In the suburbs of North Hollywood, vans from major news networks enveloped a phalanx of demonstrators protesting the recent deportation of Blanca Cardenas. The protest began at around 6 p.m. Tuesday, heavily organized by members of the Occupy LA movement — in particular, activists Cheryl Aichele and Carlos Marroquín — for Blanca Cárdenas, who was scooped up by police when she was found to be occupying her foreclosed home in North Hollywood.
Across the street from the protest was U.S. citizen and husband of Blanca, Gerardo Quiñones, who was left behind, along with their distressed 19-month-old daughter, Gloria.
Blanca, 39, had spent a good portion of her life in the United States falling in love with Gerardo and then recently raising their daughter in their home in North Hollywood. She was suddenly deported because Bank of America foreclosed their home without giving them much time to settle with the news. The new owners who bought the foreclosed home (representing record numbers of foreclosed homes being bought by third parties, peaking at 27.4% last September) found Gerardo and Blanca still inhabiting the home and called the police on them. Upon their arrest, the LAPD discovered that Blanca had no papers.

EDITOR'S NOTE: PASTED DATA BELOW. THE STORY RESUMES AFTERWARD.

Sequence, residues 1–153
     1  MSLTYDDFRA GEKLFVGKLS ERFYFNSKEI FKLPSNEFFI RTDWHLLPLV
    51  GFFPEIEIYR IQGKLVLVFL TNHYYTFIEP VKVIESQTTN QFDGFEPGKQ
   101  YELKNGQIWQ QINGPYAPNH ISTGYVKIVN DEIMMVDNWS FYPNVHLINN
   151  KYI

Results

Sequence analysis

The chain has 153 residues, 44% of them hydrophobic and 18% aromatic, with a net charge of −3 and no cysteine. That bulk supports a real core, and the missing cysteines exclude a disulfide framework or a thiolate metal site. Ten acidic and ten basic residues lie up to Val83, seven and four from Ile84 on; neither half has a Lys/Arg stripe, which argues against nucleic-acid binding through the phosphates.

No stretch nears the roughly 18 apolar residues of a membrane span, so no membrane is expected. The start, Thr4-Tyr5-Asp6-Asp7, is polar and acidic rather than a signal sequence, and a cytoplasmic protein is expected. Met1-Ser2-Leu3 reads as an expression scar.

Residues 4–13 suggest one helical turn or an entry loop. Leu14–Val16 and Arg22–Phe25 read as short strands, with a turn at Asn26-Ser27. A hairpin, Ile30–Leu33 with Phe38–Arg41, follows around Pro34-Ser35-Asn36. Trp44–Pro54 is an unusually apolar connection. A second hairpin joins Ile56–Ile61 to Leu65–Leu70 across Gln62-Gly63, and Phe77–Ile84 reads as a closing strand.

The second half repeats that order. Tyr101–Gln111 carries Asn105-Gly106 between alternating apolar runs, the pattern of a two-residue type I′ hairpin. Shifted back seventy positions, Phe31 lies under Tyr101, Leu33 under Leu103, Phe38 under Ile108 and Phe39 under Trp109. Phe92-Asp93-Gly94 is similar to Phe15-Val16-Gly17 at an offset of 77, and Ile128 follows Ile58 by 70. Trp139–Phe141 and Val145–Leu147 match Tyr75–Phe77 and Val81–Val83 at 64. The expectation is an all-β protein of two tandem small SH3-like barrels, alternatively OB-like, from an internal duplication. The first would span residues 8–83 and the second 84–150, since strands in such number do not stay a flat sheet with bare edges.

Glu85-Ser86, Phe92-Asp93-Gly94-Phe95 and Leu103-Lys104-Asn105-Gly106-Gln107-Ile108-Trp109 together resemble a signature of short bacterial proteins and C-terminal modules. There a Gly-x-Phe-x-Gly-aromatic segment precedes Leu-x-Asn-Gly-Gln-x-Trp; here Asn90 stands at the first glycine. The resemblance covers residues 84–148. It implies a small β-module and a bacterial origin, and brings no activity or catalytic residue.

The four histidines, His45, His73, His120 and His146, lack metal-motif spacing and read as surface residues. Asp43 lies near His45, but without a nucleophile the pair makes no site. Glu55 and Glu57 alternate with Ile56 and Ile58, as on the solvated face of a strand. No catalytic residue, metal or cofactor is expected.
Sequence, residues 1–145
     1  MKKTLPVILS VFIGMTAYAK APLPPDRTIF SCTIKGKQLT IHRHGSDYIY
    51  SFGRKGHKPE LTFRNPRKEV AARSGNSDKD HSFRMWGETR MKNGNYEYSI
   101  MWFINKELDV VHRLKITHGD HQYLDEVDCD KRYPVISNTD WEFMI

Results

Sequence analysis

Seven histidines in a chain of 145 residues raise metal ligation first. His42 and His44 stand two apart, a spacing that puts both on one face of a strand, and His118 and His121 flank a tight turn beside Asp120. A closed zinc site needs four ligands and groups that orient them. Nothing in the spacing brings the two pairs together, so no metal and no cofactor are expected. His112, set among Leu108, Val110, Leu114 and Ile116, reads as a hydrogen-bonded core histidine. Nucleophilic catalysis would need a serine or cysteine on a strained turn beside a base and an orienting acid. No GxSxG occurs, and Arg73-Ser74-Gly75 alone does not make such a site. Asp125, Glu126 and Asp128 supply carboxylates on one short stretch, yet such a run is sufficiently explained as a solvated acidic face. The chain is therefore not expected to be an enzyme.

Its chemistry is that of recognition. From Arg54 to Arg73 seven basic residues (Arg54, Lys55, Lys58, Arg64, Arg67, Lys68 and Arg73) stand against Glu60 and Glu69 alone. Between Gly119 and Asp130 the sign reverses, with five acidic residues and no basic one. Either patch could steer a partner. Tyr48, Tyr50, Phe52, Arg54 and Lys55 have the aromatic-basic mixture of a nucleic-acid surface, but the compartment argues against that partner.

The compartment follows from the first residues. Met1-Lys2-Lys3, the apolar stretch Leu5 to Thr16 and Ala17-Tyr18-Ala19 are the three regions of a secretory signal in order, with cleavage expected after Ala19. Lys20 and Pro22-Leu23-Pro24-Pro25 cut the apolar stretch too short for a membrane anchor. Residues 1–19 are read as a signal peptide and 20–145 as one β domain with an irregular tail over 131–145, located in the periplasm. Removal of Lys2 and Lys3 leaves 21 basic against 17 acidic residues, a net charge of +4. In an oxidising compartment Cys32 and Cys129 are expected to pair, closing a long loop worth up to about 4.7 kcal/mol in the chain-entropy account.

At one point, one of the protesters clad in dark sunglasses, a hood, and a bandana-veil, kicked down and broke through the holsters of the couples’ front door. The crowd began to roar before breaking into another chant led by Aichele, “Who’s house?! Blanca’s house!” Protestors began to sing Johnny Cash’s song, “I Shall Not Be Moved” while some of them began to post up small tents onto the grass of the front lawn.
Gerardo and many of the Occupy LA activists feel that Blanca should never have been arrested. They are part of a foreclosure epidemic that has spread across the U.S. by many of the national banks — especially in California where 1 in 5 of all foreclosures take place — many of these foreclosures are pegged by attorneys as illegally prosecuted. Some of that includes something called “robo-signing”, an exercise where bank personnel signs affidavits that were untrue, or without verifying the information contained in said documents, even sometimes not based on the signor’s actual knowledge.
In fact, the Superior Court of Los Angeles is suing Bank of America to the tune of $500 million based on a stock pile of cases where homes appeared to be foreclosed illegally by the company. Consequently, in the middle of the demonstrations, Marroquín pleaded to anyone with open ears to withdraw all of their money from Bank of America, to show their displeasure with the company’s actions. Another protestor, Aichele, recently went with other Occupy LA activists to meet with Wells Fargo representatives and demand they freeze foreclosures that have destroyed many families just like Blanca’s.
Later in the evening, Marroquín relayed threats by the police that anyone on the house property would be promptly arrested. By 7:30 p.m., with a line of police standing by, virtually everyone was dispersed from the premises and the chants began to fade, much like Blanca’s story will. Gerardo, however, stuck around a little longer giving his last interviews, trying to remain cautiously optimistic, in front of a place they had always called home.
Paul Adams is a writer who lives in Los Angeles, follow him on Twitter @Yustomovic.
[Photo By ubrayj02]